France's hardline CGT union elects first woman chief since 1895

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France's hardline CGT union elects first woman chief since 1895
Sophie Binet is the new leader of the French General Confederation of Labour. Photo by BODO MARKS / DPA / AFP

France's CGT trade union federation on Friday elected surprise candidate Sophie Binet as secretary general, making her the first woman to hold the post since the body's creation in 1895.


The head of a member union representing middle managers, Binet's election means incumbent Philippe Martinez has failed to impose a successor despite months on the front lines of the ongoing protests against President Emmanuel Macron's pension reforms.

At a meeting with Prime Minister Elisabeth Borne next week, "all the unions together, united, will go to demand the withdrawal of this reform," Binet told delegates at the CGT congress in Cournon-d'Auvergne in central France.

Martinez had previously backed a call for a "mediation" between worker representatives and ministers over the changes.


Binet's name emerged from overnight wrangling after his chosen candidate, Marie Buisson, failed to gather enough votes in the union's executive committee.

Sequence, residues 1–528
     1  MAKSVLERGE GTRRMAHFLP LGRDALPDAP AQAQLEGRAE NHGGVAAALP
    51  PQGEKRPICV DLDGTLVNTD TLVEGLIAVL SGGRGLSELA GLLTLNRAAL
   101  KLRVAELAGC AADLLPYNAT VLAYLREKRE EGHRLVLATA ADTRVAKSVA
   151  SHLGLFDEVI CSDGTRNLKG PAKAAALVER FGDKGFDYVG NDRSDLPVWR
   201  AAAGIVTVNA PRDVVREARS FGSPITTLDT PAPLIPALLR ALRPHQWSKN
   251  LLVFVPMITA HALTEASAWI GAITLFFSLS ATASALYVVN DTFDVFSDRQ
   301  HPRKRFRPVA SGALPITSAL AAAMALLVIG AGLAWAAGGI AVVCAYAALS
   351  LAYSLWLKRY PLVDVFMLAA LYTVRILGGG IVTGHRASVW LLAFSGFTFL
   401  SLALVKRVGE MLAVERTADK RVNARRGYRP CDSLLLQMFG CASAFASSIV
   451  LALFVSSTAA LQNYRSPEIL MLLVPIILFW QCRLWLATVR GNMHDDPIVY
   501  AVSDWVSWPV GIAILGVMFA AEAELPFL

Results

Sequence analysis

The 41-year-old, a former school administrator, has led the UGICT union since 2018 and worked at the CGT on environment issues and gender equality.

She will have an uphill battle to re-knit the federation.

Martinez has faced criticism from CGT hardliners, including for his alliance in the retirement battle with the more moderate CFDT - currently France's largest union federation by membership.

Powerful member unions including railway, energy and chemical workers found fault with his leadership.

Binet's election comes days before union leaders' meeting with Borne, whose move to ram Macron's pension reforms through parliament without a vote has ratcheted up tensions.

Labour Minister Olivier Dussopt told Europe 1 radio on Friday that "no one will prevent anyone from talking about anything" in the meeting.

CFDT chief Laurent Berger had threatened to walk out immediately if the government refuses to address pensions.

"We have to grasp this opportunity to re-establish contact and see where and how it may be possible to make progress," Dussopt said, while insisting that the government would "implement the bill".

Opponents of the pension reform, which would increase the minimum retirement age to 64, still hope France's Constitutional Council will block it in a decision slated for April 14th.


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